Goodward, who lives alone, turned to the agency after a series of health setbacks, including surgery to remove lung cancer, hospitalization for pneumonia and a fall that left her with a broken shoulder.
About 10 months ago, Howdward found herself inexplicably tired and disoriented, not knowing the reason.
“I just remember being very tired. Everything has become a little inaccurate, ”she told Bridge.
One day in May, Mike Talsma, the agency’s delivery driver, came to her door ─ but Howdward could not open it, as she had always done before. He heard a groan inside.
When she finally walked to the door, Talsma recalled, “She didn’t know who I was. She was out of her mind. “
Talsma called the agency’s headquarters, and an ambulance was called to her address. She was later diagnosed with COVID-19 at a local hospital, where Howdward said she spent more than a week.
“He saved my life. I have no doubt about that, ”Goodward said of Talsma, recalling the episode a few minutes before Talsma sent his usual food delivery to Howsward on Monday.
More than food
There are other cases in western Michigan among individual seniors, such as Howdward, as concerns overseen by drivers of agency providers or social workers during initial home assessments led to 14 emergency calls for customers in fiscal 2021.
These links have also led to a dozen referrals of potential abuse, disregard and exploitation to the State Adult Protection Agency and nearly 1,500 referrals for services such as counseling, housing, legal aid and transportation.
“We deliver much more than food. These human connections are so important, ”said Melissa Saberanez of Meals on Wheels of Western Michigan.
Returning to Ann Arbor, UM 2020 graduate Emily Lerner told Bridge that she came up with the idea of combining students with senior residents through years of volunteer work at a care home.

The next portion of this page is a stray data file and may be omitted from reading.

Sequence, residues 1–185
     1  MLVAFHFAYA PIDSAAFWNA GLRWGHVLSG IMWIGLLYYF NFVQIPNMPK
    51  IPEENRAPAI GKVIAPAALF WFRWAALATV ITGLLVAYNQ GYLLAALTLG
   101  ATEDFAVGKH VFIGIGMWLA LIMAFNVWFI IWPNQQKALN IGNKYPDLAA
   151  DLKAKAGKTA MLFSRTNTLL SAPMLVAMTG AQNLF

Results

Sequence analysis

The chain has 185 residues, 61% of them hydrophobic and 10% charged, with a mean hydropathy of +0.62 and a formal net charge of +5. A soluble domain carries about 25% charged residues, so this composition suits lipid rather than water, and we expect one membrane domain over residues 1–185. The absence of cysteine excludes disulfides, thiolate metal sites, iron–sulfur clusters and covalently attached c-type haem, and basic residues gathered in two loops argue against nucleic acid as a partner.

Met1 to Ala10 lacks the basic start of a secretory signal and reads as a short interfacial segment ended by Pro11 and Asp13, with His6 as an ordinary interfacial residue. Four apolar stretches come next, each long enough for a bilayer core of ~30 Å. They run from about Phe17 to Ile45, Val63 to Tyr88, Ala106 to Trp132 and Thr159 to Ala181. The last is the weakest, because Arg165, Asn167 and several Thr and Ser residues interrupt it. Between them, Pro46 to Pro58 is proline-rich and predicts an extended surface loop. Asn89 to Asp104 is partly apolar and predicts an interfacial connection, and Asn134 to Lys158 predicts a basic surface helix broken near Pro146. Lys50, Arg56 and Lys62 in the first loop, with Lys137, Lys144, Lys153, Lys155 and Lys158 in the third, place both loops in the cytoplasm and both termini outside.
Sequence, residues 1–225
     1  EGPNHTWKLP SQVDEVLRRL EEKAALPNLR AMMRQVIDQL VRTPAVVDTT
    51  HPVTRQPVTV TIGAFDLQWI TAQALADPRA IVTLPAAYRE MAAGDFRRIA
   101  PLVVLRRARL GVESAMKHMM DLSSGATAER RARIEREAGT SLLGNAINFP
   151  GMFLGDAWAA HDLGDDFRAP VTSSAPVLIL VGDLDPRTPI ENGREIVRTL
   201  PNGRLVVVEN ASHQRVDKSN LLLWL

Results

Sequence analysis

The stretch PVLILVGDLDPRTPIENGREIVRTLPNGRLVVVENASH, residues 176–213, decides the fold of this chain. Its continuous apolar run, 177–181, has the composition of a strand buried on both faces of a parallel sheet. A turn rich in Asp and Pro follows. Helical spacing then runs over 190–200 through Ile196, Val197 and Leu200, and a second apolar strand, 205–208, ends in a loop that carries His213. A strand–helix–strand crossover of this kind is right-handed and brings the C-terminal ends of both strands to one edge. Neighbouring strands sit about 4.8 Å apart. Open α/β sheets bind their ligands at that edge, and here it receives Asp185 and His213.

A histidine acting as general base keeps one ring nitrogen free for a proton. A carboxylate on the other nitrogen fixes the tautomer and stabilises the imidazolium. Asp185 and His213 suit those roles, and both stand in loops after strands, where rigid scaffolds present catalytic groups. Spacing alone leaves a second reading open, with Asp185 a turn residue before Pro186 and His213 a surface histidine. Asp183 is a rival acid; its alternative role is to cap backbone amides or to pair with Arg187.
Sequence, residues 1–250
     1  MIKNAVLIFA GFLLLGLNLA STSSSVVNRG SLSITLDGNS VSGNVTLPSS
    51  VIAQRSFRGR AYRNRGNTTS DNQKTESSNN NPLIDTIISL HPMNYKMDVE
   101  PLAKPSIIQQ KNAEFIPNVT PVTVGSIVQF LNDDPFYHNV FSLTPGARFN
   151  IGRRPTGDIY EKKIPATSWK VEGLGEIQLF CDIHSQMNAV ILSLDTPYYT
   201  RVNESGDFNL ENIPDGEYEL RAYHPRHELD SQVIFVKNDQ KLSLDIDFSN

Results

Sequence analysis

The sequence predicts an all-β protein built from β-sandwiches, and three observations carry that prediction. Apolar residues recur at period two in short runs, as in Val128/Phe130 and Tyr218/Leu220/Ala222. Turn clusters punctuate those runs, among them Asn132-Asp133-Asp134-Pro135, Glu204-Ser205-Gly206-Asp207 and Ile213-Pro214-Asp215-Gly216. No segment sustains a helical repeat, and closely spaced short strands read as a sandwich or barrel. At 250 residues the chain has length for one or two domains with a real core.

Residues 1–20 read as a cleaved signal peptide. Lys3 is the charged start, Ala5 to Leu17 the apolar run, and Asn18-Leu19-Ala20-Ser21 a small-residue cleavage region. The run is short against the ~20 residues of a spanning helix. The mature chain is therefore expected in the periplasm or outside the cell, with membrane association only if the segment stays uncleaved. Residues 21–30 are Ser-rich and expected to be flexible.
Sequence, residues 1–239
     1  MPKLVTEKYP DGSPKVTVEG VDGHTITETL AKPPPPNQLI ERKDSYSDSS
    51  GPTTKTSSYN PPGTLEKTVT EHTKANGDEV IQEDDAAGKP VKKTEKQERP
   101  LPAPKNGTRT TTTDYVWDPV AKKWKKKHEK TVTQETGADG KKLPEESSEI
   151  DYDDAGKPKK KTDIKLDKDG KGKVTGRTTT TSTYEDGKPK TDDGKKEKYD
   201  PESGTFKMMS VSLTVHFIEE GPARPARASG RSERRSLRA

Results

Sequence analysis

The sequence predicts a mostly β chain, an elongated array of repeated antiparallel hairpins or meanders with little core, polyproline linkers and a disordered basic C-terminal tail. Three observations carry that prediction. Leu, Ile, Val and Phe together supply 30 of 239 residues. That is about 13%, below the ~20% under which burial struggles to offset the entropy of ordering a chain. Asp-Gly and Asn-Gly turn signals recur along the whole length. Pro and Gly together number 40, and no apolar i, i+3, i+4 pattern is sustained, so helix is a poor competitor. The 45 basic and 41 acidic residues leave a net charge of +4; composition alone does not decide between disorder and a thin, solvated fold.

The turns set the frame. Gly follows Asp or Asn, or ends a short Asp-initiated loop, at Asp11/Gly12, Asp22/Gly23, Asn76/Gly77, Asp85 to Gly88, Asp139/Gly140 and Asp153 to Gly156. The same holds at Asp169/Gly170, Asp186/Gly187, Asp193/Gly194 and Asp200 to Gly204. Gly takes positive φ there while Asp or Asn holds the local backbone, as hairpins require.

“Although I found that caring for the elderly is a lot of hassle, the problem № 1 I saw is the lack of communication for residents. I thought there must be a better way. ”
Result: The perfect couple, a nonprofit organization that brings together student volunteers with seniors in homes that are in homes that want to build relationships with another generation. They are combined on the basis of mutual hobbies and special interests.
“We have one match where both speak Spanish as a second language, both love theater and both read avidly. This is just one example, ”Lerner said.
UM student Ruppel, 22, said she and resident Gil, who helps live, soon discovered they had a lot in common when they met, first at Zoom sessions because of the pandemic and then at weekly personal meetings where Gil lives about two miles west of the university. .
“We both come from large families,” Rupel said as the couple sat at a conference room table in Gil’s living room. “We are both extroverts. We both like works of art. ”
In addition to meetings, the couple keeps in touch through phone calls and text messages, as Gil often asks to monitor Ruppel’s student life or to let her know what’s new in her.
“I keep sending her texts, asking her how she did with the test, things like that,” Gil explained. “I know she’s busy, but she immediately calls me or text me.”